its assessment of immunotoxicity produced by TCDD, other dioxins, and DLCs.

The assessment of changes in immune competence, regardless of the cause, is complex, as the immune system is composed of a large and diverse group of cellular and soluble components. In addition, compensatory and overlapping mechanisms in host immunity can make it difficult to identify subtle or modest changes within the immune system.

Because of the many different cell types and soluble factors, which alone or cooperatively mediate a wide variety of evocable immunological responses, there is no one test or assay that can measure all the different elements. Therefore, the approaches used to identify changes in immune status are multifaceted, including pathological examination of lymphoid organs, enumeration of leukocyte subpopulations, quantification of soluble mediators, and measurement of immune function responses, such as susceptibility to infection or reduced immunological responses to vaccines. Standard assays are available for all the above determinations; however, because of the sheer enormity of the task to measure them all, immune competence is typically assessed by using a small number of immunological end points, often quantifying various aspects of innate, humoral, and cell-mediated immunity. Therefore, the EPA review draws on a large but diverse database of studies that are often difficult to compare because different assays, model systems, responses, and animal species were used.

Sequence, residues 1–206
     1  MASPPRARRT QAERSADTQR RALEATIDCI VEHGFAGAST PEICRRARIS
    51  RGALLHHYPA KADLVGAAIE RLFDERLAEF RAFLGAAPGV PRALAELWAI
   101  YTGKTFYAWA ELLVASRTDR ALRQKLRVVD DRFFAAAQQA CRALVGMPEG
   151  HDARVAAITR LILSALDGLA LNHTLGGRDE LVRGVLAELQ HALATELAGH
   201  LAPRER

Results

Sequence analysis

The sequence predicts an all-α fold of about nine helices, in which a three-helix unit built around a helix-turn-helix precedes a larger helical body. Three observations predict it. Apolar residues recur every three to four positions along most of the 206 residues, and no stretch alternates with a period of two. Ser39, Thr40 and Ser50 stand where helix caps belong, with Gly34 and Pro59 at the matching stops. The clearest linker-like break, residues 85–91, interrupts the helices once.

EPA draws several important conclusions about the immunotoxicity of TCDD, other dioxins, and DLCs that are summarized in the Reassessment, Part III, Integrated Summary and Risk Characterization. The first is that “there appears to be too little information to suggest definitively that 2,3,7,8-TCDD at levels observed (in the reported studies) causes long-term adverse effects on the immune system in adult humans” (p. 2-34; lines 19 to 21). The second is that “cumulative evidence from a number of studies indicates that the immune system of various animal species is a target for toxicity of TCDD and structurally-related compounds, including PCDDs, PCDFs [polychlorinated dibenzofurans] and PCBs [polychlorinated biphenyls]” (p. 2-34; lines 24 to 26). Third, animal studies show that TCDD suppresses both “cell-mediated and humoral immune responses, suggesting that there are multiple cellular targets within the immune system that are altered by TCDD” (p. 2-34; lines 26 to 28). EPA goes on to state that “it can be inferred from the available data that dioxin-like congeners are immunosuppressive” in animals. Fourth, the weight of evidence from animal studies in vivo and in vitro “supports a role for Ah-mediated immune suppression” by DLCs (p. 2-35, lines 27 to 28); “other in vivo and in vitro data, however, suggest that non-AHR (aromatic hydrocarbon receptor)-mediated mechanisms may also play

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